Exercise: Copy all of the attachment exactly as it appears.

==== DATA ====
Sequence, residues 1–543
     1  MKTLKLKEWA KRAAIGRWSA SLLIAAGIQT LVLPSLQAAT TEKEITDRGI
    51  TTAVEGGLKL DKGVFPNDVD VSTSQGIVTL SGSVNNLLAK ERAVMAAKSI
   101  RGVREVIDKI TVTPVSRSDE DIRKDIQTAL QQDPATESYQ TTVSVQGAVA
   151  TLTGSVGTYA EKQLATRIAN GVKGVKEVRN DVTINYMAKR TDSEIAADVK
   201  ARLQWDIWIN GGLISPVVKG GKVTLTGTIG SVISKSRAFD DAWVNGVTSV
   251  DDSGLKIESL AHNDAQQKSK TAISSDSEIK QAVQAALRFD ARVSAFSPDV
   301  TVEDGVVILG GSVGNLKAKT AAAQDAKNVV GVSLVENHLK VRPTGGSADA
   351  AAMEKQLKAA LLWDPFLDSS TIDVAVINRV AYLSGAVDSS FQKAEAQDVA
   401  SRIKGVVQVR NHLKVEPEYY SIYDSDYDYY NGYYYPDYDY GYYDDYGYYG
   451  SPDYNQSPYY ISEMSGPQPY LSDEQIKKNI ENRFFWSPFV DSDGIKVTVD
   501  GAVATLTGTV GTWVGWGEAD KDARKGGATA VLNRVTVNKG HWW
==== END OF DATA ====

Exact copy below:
Sequence, residues 1–543
     1  MKTLKLKEWA KRAAIGRWSA SLLIAAGIQT LVLPSLQAAT TEKEITDRGI
    51  TTAVEGGLKL DKGVFPNDVD VSTSQGIVTL SGSVNNLLAK ERAVMAAKSI
   101  RGVREVIDKI TVTPVSRSDE DIRKDIQTAL QQDPATESYQ TTVSVQGAVA
   151  TLTGSVGTYA EKQLATRIAN GVKGVKEVRN DVTINYMAKR TDSEIAADVK
   201  ARLQWDIWIN GGLISPVVKG GKVTLTGTIG SVISKSRAFD DAWVNGVTSV
   251  DDSGLKIESL AHNDAQQKSK TAISSDSEIK QAVQAALRFD ARVSAFSPDV
   301  TVEDGVVILG GSVGNLKAKT AAAQDAKNVV GVSLVENHLK VRPTGGSADA
   351  AAMEKQLKAA LLWDPFLDSS TIDVAVINRV AYLSGAVDSS FQKAEAQDVA
   401  SRIKGVVQVR NHLKVEPEYY SIYDSDYDYY NGYYYPDYDY GYYDDYGYYG
   451  SPDYNQSPYY ISEMSGPQPY LSDEQIKKNI ENRFFWSPFV DSDGIKVTVD
   501  GAVATLTGTV GTWVGWGEAD KDARKGGATA VLNRVTVNKG HWW